IBM Shows Off W2K on Web Transaction Benchmark
- By Scott Bekker
- June 05, 2001
The Windows 2000 benchmarking odyssey continues.
IBM Corp. ran a test on the Transaction Processing Performance Council's TPC-W benchmark for proving transactional Web performance.
While Windows 2000 Server systems have been used several times in a subcategory for smaller systems, Big Blue ran a Windows 2000 server for the first time in the 100,000 item inventory class for the TPC-W in a result posted May 31.
The relatively young benchmark requires complex configurations involving Web servers, caching servers, database servers, load balancing servers and other elements.
IBM anchored its test on an eight-way IBM xSeries 370 server running 900 MHz Intel Pentium III Xeons, 4 GB RAM, Windows 2000 Advanced Server and SQL Server 2000. IBM also used Microsoft's Internet Information Services 5.0, Internet Security & Acceleration Server 2000 and Microsoft ISAPI in its setup.
The test is IBM's third in the 100,000 item inventory class, and predictably the Microsoft result trails the performance of IBM's own NUMA-Q system running IBM DB2 7.1 on DYNIX/ptx 4.5.1 and its xSeries 430 running DB2 7.2 on IBM ptx 4.6.1. The xSeries 430 clocked 7,554 Web interactions per second (WIPS), the NUMA-Q reached 6,272 WIPS and the Windows 2000 system hit 6,045 WIPS.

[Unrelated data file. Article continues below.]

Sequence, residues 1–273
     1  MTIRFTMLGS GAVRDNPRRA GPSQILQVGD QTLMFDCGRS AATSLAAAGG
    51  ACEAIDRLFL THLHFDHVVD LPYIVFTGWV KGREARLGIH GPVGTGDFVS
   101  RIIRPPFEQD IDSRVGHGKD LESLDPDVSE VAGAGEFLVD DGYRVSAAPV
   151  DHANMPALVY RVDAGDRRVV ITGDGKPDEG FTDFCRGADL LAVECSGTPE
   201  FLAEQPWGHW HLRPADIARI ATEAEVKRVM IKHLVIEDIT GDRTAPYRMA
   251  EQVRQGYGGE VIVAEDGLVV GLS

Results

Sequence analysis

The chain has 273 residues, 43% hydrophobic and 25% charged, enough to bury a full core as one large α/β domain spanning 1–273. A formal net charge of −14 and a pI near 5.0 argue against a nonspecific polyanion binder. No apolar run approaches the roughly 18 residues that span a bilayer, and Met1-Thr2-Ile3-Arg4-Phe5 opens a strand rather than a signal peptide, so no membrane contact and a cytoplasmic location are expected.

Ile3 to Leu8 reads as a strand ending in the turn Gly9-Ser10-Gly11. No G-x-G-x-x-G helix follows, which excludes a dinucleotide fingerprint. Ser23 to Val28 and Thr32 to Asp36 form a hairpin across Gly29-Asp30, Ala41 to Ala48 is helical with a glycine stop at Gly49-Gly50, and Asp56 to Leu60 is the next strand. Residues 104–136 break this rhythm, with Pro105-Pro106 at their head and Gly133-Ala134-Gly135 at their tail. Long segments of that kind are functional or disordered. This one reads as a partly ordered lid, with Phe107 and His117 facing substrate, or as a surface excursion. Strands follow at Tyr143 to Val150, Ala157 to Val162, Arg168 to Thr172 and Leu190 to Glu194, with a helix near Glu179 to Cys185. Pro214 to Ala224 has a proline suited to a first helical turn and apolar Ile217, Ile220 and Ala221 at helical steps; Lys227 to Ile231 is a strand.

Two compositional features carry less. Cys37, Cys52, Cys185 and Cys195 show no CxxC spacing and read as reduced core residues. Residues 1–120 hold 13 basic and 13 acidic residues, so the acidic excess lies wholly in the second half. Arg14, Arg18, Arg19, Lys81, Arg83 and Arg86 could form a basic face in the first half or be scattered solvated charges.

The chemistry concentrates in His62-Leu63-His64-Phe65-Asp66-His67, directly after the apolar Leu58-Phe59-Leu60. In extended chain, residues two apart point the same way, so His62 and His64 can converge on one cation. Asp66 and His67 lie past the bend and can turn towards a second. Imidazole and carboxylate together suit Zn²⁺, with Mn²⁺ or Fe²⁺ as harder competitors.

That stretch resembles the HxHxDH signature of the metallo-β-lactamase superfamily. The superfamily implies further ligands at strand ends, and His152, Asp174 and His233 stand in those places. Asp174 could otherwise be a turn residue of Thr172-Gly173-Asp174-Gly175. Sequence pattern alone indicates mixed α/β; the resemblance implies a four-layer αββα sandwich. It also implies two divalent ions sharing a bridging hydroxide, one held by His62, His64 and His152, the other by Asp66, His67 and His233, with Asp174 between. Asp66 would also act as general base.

Presumably IBM ran the benchmark to bolster its consulting and services organization's chances to win complex accounts involving Microsoft technologies. Still, the Windows system plays to its traditional strength of price/performance. Its $76.67/WIPS compares favorably to the $195.95/WIPS for NUMA-Q and $136.80/WIPS for the xSeries 430.
Four benchmarks have been published for Windows 2000 Server on a smaller version of the TPC-W test for 10,000 item inventories. The TPC-W can be run for inventories ranging from 1,000 to 10 million items, although only 10,000-item and 100,000-item tests have been run so far.
Scott Bekker is editor in chief of Redmond Channel Partner magazine.